Activists deliver Sununu 3,600-signature petition opposing border patrol checkpoints

  • Brian Rogers, of Porstmouth, an organizer with the activist group NextGen, signs a petition calling for Gov. Chris Sununu to disavow the use of border patrol checkpoints along I-93 in New Hampshire, Aug. 9, 2018. Ethan DeWitt—Ethan DeWitt

Monitor staff
Published: 8/9/2018 1:06:41 PM

A string of U.S. Customs and Border Patrol checkpoints along New Hampshire highways became a new flashpoint in the gubernatorial election Thursday, as activists delivered a petition with more than 3,600 signatures calling on Gov. Chris Sununu to oppose the practice.

Gathering outside the governor’s office, several dozen protesters held signs opposing the checkpoints and urged Sununu to tell the federal agencies to stop carrying them out. Sununu himself wasn’t around to be confronted by the young organizers.

Recent months have seen a return of the checkpoints, typically held in Woodstock for southbound traffic along Interstate 93. For decades the practice was carried out on an annual basis, and was stopped entirely in 2012 under the Obama administration. But since August 2017, Border Patrol has reintroduced the checkpoints in the Granite State at a rapid clip.

The agency carried out two last year and three this year, with at least five planned for the summer, according to emails obtained by the New Hampshire chapter of the American Civil Liberties Union. During the stops, drivers are asked to confirm their citizenship and those that refuse are pulled aside and often detained and sent over to Immigration and Customs Enforcement, which determines whether they may be deported. Border patrol agents have also used drug-sniffing dogs outside the cars, which the agency says is to detect human trafficking. The use of the dogs also netted dozens of arrests of New Hampshire residents on drug charges, which led to a lawsuit by the ACLU.

Speaking Thursday, opponents of the checkpoints said they have hurt tourism and sown fear into immigrants both inside and outside the state.

“It is not okay that we have armed federal agents who are harassing drivers and subjecting them to such intrusive stops,” said Asma Elhuni, organizer with the United Valley Interfaith Project, which advocates on behalf of immigrants in New Hampshire. “That resembles police states that we criticize in other countries that violate civil and human rights.”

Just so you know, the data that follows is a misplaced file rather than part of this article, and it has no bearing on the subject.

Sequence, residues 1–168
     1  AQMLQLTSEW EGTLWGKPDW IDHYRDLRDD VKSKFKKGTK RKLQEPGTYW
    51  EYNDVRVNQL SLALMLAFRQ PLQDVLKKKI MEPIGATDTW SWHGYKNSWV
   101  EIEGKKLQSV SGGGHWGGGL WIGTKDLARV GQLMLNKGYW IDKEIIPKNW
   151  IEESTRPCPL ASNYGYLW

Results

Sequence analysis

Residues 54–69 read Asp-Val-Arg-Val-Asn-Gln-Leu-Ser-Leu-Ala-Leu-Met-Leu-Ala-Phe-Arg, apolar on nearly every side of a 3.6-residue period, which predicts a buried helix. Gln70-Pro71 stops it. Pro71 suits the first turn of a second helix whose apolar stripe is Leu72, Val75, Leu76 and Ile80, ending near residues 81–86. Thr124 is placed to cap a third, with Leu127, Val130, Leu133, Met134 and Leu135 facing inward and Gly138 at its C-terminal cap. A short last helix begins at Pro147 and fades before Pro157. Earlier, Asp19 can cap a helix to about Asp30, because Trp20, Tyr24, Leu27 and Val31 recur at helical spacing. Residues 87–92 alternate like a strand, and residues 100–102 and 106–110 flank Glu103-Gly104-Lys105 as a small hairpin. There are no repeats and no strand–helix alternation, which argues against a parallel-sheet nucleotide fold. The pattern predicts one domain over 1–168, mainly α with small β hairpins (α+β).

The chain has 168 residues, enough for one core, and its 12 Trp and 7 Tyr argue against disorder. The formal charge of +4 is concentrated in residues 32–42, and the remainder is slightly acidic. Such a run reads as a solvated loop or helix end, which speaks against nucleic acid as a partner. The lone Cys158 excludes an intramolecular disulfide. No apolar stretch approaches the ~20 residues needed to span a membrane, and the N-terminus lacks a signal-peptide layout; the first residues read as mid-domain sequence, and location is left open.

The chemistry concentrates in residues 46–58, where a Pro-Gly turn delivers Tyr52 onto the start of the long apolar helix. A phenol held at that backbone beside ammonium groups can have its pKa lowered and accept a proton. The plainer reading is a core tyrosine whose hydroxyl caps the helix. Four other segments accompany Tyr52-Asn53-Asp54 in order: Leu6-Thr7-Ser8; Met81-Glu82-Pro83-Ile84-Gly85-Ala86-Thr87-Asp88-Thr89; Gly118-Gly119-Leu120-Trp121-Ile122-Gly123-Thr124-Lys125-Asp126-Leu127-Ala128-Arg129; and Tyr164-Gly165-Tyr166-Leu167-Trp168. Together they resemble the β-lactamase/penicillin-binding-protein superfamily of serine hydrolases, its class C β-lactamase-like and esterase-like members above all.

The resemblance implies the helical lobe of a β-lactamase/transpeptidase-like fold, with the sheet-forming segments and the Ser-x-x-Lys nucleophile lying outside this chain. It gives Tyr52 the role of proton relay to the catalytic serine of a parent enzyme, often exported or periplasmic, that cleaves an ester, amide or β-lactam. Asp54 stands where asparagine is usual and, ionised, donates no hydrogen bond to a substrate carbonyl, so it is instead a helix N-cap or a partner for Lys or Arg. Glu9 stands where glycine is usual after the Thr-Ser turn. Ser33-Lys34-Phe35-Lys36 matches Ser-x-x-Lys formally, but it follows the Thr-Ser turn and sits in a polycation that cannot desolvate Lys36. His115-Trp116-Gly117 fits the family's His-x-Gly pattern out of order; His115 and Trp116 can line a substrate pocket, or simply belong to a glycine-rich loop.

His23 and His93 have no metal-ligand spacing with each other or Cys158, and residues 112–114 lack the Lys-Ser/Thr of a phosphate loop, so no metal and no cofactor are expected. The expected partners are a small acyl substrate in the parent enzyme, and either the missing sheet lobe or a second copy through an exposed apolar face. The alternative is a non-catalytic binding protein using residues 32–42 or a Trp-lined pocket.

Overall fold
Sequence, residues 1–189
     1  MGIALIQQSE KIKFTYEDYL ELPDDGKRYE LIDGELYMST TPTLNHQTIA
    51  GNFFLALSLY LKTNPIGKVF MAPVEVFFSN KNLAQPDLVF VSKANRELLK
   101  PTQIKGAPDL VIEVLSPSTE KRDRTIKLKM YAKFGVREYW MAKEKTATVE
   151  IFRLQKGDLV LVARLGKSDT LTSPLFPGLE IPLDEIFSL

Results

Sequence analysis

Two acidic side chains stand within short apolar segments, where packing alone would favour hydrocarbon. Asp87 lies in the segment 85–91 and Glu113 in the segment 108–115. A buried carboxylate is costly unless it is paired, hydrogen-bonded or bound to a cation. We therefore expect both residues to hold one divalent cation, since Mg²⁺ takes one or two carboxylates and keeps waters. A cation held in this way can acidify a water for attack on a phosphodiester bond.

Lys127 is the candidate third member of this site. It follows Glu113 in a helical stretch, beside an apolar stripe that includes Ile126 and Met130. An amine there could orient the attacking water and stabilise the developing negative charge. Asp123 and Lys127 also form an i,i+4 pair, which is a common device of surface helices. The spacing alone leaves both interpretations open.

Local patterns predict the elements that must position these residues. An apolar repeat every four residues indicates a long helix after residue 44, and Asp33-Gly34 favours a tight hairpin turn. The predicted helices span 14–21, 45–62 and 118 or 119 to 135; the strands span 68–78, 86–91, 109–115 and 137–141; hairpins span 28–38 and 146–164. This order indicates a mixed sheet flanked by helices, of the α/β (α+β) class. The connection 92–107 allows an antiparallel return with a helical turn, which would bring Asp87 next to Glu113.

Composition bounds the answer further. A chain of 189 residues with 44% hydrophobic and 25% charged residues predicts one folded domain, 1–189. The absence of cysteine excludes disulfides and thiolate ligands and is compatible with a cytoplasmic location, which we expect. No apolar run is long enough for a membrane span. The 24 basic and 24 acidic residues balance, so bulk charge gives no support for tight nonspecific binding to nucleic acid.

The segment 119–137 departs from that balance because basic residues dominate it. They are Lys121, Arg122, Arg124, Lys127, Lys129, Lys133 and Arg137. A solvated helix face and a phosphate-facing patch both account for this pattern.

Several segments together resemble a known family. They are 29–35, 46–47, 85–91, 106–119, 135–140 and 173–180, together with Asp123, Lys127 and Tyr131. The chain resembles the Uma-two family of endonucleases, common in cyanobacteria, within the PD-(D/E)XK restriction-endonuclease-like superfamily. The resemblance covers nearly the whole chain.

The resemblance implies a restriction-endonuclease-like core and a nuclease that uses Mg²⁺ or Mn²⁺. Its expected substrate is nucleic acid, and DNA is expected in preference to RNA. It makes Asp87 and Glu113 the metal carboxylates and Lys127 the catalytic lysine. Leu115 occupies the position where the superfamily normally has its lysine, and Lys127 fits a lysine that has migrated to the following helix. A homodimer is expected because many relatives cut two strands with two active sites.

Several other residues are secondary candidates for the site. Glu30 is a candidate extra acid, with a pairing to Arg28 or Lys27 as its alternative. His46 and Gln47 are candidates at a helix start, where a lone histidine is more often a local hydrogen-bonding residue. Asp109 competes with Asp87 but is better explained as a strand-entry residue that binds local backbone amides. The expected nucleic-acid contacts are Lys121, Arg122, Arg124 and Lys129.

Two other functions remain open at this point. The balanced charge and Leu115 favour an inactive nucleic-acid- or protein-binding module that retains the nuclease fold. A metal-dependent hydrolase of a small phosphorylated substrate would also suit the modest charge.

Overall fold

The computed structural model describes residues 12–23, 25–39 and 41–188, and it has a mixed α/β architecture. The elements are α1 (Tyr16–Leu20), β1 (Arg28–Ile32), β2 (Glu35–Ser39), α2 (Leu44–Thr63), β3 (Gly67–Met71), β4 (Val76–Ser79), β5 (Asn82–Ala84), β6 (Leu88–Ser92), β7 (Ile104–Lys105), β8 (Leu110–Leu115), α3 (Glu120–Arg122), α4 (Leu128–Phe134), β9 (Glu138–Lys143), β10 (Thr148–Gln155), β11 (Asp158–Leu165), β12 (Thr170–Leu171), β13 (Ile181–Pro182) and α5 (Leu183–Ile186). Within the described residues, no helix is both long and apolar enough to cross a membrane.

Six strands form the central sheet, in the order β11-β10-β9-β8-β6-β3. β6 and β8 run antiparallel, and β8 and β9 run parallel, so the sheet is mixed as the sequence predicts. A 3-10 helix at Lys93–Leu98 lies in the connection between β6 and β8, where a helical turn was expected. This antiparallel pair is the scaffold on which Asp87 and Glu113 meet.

The net result, Elhuni added, is an “unwelcoming state.”

Teddy Smyth, the youth organizer for the progressive group NextGen, argued the rise of the stops was tied to Sununu and Trump’s elections in 2016. And he said Sununu could make a dent on the issue if he wanted.

“He can make that call right now; he can say ‘Donald Trump, what’s up, can you change this policy, can you stop these checkpoints immediately’,” Smyth said. “Has he yet? No. Will he? Probably not. What do we have to do? Vote him out.”

The stops are overseen by federal border patrol agents operating out of the Swanton Sector in northern Vermont, and their implementation within 100 miles of the U.S. border has been upheld by the Supreme Court. But Sununu, whose agencies are generally not involved, has been supportive of their use.

At a campaign stop in June, the governor said he wouldn’t voice opposition to the stops because he can’t pressure federal agencies “to do anything,” Fosters Daily Democrat reported. But he praised the use of the stops for drug arrests.

“Every time they’ve done those border patrols, they’ve taken out people who have trafficked drugs,” he said at the time. “That’s the federal government’s role. They’re doing their job.”

A spokesperson for Sununu was not immediately available to comment on the petition.

(Ethan DeWitt can be reached at, at (603) 369-3307, or on Twitter at @edewittNH.)

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